Suspended CEO Manu Sawhney accuses ICC of ‘witch-hunt’

ICC Chief Executive leaves the organisation with immediate effect
ICC Chief Executive leaves the organisation with immediate effect.

Suspended chief executive of the International Cricket Council has claimed that he was made a victim of “witch-hunt” in the world governing body for the sport.

I’m a victim of premeditated witch-hunt, alleged Sawhney, who has been suspended by the International Cricket Council (ICC) as its CEO on allegations of misconduct.

The ICC had sent Sawhney on “leave” after auditor PWC had raised questions about his conduct. He had subsequently been suspended.

“It is abundantly clear to me, as it would be to any reasonable person or bystander, that I am the victim of a premeditated witch-hunt. All pretence at undertaking a fair process or giving me a fair hearing has been completely abandoned,” Sawhney has told Cricbzz.

“There has been no attempt to comply with the ICC’s internal policies or even basic principles of natural justice,” Sawhney reportedly said.

“These allegations have been based completely on anonymous statements which no one has made any attempt to verify or investigate. On the basis of our bullet points, I could potentially lose my livelihood and my reputation. Frankly, the whole situation is nothing short of a scandal.”

“Nevertheless, I believe it is crucially important for my own integrity, and that of the ICC, that I resist this blatant attempt to force me from office, which would set an extremely dangerous precedent. I am also determined to ensure that the significant achievements of the ICC during my tenure are not airbrushed out of history. I will also exercise my right to appeal any guilty decision to the board, in accordance with paragraph 7 of the ICC’s disciplinary policy and clause 17.4 of my employment contract,” he added.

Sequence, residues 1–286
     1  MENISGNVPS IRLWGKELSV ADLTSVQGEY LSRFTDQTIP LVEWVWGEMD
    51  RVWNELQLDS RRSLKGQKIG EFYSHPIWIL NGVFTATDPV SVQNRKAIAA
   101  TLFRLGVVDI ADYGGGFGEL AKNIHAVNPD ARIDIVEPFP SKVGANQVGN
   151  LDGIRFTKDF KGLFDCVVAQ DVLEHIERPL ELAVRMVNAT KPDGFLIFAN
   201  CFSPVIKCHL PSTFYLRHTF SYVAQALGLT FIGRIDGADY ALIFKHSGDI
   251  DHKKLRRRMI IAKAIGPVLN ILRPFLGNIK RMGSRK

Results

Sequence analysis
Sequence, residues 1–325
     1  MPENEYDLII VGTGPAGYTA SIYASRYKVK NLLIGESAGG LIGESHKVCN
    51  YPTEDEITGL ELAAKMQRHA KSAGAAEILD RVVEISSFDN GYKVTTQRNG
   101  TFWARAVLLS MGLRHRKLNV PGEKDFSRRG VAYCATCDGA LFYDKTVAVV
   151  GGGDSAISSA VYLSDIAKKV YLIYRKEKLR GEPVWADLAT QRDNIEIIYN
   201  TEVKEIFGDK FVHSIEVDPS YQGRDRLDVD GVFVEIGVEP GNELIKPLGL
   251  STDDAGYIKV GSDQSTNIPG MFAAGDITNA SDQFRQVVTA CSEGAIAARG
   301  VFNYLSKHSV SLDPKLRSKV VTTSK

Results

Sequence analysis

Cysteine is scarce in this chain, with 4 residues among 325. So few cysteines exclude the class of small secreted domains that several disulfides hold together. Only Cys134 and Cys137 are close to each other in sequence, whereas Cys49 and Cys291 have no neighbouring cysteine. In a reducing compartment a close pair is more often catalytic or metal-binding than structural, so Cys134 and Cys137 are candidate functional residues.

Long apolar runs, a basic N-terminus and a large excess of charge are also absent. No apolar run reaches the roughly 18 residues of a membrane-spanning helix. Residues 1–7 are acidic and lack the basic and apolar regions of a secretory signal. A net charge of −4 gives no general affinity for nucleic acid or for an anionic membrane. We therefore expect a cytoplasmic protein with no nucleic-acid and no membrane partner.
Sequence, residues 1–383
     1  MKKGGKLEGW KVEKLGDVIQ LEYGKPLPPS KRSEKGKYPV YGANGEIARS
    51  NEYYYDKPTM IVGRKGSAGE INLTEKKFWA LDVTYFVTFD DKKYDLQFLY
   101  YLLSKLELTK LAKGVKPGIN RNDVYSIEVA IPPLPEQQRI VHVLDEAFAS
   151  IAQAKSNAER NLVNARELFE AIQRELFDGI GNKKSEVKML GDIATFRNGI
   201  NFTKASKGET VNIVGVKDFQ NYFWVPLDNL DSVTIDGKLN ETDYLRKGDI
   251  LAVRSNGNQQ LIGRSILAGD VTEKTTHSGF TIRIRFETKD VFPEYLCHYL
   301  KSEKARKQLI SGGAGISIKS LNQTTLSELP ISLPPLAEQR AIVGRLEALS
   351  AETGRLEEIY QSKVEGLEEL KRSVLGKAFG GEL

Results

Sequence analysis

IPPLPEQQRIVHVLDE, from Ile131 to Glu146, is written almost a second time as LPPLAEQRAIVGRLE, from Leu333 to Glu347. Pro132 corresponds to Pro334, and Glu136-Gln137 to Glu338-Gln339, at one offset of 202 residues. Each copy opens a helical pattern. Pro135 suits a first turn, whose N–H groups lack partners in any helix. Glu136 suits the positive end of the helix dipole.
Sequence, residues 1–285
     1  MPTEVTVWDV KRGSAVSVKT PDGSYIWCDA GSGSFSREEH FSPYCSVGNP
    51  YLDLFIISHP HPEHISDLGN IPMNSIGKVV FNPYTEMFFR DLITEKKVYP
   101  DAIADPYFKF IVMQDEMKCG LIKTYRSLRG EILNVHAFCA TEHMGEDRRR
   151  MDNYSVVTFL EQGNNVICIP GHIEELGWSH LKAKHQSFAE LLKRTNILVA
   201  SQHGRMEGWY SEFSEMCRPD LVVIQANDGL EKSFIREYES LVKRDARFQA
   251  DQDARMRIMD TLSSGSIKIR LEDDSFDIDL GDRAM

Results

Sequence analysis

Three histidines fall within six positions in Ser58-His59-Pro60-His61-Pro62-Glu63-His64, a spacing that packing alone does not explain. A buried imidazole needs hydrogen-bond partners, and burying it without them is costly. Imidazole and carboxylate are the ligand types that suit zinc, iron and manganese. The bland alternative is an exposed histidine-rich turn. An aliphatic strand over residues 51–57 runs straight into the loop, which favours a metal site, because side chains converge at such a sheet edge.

Sawhney has also questioned the PWC report. “The PWC report expressly states that its objective was to understand and assess the current culture and underlying organizational behaviours within the ICC,” he said.

“The PWC report is therefore the product of a generic assessment of workplace culture, it is not a product of a thorough disciplinary investigation that adheres to the basic rules of evidence. In other words, the exercise undertaken by the PWC should not be confused with a proper disciplinary investigation.”

Sawhney, appointed chief executive in 2019, has been accused of four specific offences – targeted acts of bullying against certain staff, exhibiting physical aggression, such as fist banging, impacting directly or indirectly on individuals’ health and wellbeing through his behaviour and failing to report to the Board and implemented decisions without proper consultation.

The PWC report, however, has not been made public.